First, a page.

*
    If India can elect Modi and the US Trump, what has bourgeois democracy to do with the interests of the public?

  • 0
    0

    This comment was removed by a moderator because it didn’t abide by our Comment policy.For more detail see our Comment policy https://www.colombotelegraph.com/index.php/comments-policy-2/

  • 5
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    SRH H goes all the way to Round Table Conference in Jakarta to stumble upon the words “Electoral Justice System (EJS). He then falls back on ~ “……….as defined by The International Institute for Democracy and Electoral Assistance (IDEA), is the means or mechanisms to ensure and verify that electoral actions, procedures and decisions comply with the legal framework and to protect and restore the enjoyment of electoral rights…….” .
    Remember the President of Indonesia Joko Widodo caved to the demand “Jakarta Mayor must be Muslim”.
    .
    We can talk EJS till the cows come home but our fundamental problem is not EJS.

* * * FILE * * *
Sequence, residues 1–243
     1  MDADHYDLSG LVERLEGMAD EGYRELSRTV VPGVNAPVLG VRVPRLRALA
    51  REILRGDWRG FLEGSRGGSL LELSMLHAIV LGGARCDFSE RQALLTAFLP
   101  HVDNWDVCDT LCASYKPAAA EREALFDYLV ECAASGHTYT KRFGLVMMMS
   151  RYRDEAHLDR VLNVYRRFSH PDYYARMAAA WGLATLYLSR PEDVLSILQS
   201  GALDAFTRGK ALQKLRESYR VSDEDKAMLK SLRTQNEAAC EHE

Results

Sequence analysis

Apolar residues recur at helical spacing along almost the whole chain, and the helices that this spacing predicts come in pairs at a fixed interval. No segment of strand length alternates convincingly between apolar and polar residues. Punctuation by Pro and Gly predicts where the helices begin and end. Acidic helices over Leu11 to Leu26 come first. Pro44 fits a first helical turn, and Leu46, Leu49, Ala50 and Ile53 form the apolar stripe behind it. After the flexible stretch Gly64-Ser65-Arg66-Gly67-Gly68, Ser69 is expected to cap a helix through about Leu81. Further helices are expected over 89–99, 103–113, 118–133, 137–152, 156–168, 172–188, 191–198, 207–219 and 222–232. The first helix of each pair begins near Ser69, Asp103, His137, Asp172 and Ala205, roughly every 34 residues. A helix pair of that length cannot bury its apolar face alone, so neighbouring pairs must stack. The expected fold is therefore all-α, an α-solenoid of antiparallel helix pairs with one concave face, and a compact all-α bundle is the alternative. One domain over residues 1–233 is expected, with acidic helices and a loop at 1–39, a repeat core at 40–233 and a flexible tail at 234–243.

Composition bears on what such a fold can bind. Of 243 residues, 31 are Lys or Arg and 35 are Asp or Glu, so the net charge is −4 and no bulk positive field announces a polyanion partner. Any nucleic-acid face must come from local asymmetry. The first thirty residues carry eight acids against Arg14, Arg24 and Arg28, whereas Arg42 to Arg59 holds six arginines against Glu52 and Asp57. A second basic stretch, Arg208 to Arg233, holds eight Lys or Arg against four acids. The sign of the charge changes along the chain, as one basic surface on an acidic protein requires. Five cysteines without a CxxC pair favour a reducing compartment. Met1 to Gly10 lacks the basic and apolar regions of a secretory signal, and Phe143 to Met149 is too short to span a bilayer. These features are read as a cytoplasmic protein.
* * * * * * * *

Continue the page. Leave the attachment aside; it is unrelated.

• 8
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      K. Pillai,

      Another article that makes one wonder if the author is driven by an earnest desire to address a challenging social issue or if he is driven by self-serving, pat-on-the-back needs, leveraging an issue that he stumbles upon!

      The less said the better in terms of comprehensives, considered treatment or compelling insights. Reads more as a trip-report, picture and all. However, who am I to make that “quality’ judgement? There are few, perhaps many, who “love to read anything Jeevan writes”, and others who would want us all to stand up and clap!

      So let me cut-to-the chase thus saving much aggravation – both to the author and to myself!

      Here is my beef. In one of Jeevan’s recent articles he rightly praised two young researchers for their excellent work in isolating “poor English training” as the primary cause of the alarming decline in performance by Norther students at the University entrance exam. His remedy – sack the VC! (The fact that Jeevan had previously fought hard for that same appointment was only a coincidence!!)

    • 7
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      Continued…